The Trump administration is arguing the immigration restrictions are necessary to protect American jobs during a period of historic unemployment, the result of the country’s lockdown this spring to prevent the spread of Covid-19, the disease caused by the novel coronavirus.

The president “put in place a 60-day pause on incoming green cards coming into the country who can take any job they like once they’re here, and that is being extended to the end of the year,” a senior administration official said on a telephone briefing with reporters to preview the executive order. “The president is expanding that measure in light of the, frankly, the expanding unemployment and the number of Americans who are out of work.”

The senior administration official said the president’s actions would free up 525,000 jobs over the remainder of the year. That’s “quite a significant number,” the official said, noting that Trump “is focused on getting Americans back to work as quickly as possible after we’ve suffered this hit to our economy.”

The executive order applies to H1-B visas, which allow U.S. employers to temporarily hire non-immigrant workers in specialty occupations; H4 visas for spouses of H1-B workers; L visas for temporary workers and most J and H2-B visas. J visas are for work-and-study-based exchange visitor programs and their spouses and dependents — au pairs are exempt, but professors and scholars are not — and H2-B visas for temporary non-agricultural workers.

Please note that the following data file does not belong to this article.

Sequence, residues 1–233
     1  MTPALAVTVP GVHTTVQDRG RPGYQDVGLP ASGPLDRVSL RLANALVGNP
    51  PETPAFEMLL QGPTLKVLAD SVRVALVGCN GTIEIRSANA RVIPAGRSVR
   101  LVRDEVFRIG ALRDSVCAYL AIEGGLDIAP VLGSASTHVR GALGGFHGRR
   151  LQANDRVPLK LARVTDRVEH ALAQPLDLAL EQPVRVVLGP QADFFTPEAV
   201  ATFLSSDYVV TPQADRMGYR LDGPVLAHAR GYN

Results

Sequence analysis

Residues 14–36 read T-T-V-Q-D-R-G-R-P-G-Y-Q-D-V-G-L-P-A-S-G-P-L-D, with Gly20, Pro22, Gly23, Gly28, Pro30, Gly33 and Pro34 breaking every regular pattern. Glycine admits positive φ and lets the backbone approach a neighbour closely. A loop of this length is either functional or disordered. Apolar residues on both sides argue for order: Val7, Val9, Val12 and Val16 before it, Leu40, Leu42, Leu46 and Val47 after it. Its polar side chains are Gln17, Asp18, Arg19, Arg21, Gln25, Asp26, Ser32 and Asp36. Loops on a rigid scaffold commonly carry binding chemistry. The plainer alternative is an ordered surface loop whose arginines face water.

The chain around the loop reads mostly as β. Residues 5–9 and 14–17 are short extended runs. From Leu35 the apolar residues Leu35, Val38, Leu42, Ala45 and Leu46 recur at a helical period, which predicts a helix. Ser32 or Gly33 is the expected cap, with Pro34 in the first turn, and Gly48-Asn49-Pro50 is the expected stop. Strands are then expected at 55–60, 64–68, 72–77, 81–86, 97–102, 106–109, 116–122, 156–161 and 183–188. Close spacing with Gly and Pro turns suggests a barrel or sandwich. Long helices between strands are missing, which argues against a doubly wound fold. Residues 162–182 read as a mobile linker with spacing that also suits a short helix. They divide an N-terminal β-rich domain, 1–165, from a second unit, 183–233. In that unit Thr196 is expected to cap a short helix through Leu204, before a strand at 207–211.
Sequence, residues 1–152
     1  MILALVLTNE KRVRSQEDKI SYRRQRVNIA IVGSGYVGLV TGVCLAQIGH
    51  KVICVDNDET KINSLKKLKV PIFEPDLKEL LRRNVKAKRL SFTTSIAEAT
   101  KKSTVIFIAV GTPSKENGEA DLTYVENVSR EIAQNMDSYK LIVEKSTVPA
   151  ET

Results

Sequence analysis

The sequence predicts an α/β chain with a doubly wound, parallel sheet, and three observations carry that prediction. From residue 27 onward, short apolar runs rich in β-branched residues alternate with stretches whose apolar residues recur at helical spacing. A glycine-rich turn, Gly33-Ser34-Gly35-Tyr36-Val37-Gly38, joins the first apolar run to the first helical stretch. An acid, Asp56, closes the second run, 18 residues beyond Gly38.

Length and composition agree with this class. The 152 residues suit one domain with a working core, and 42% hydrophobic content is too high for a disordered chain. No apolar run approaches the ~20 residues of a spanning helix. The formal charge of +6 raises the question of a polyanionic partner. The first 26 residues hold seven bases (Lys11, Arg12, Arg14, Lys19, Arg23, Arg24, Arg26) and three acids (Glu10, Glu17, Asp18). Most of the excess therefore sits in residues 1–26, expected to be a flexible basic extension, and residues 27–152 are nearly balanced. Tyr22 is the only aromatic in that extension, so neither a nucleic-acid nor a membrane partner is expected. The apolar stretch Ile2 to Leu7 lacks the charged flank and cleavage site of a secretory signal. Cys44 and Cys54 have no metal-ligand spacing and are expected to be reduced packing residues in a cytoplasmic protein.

“When people come in with a green card, they have open-market work opportunities,” the senior administration official said, explaining the difference between the first and second orders. “They can go to any job anywhere, whereas, say, H2-Bs and Js and H-1Bs, these are market-restricted. They have particular types of jobs they can work in.”

Trump also “dramatically” narrowed the types of medical workers who can enter the U.S. to only those working on Covid-19 care or research, the official said.

With the original order set to expire Monday, Trump signaled in a weekend Fox News interview that the new executive order was coming soon. The extension highlights the president’s focus on the economy and immigration ahead of his reelection.

Trump, who has been given low marks for his early response to the coronavirus pandemic, out-polls presumptive Democratic nominee Joe Biden on the issue of the economy and hoped to ride a wave of economic prosperity into a second term before the health crisis upended everything.

The Trump administration quietly continued to allow foreign workers to enter the country after the coronavirus outbreak initially hit, even easing requirements for immigrants to get certain jobs. But the president abruptly tweeted in April that he would stop all immigration into the U.S. as the unemployment rate soared. The following day, he scaled back that plan.

Four Republican senators — Tom Cotton of Arkansas, Ted Cruz of Texas, Chuck Grassley of Iowa and Josh Hawley of Missouri — had asked the president to pause guest worker visas between 60 days and a year, “or until unemployment has returned to normal levels.” And six House Republicans, including Freedom Caucus Chairman Andy Biggs of Arizona, followed suit with their own letter.

Business interests, however, lobbied hard against the restrictions, arguing they will cause more, not less, economic pain across the country.

Anita Kumar contributed to this report.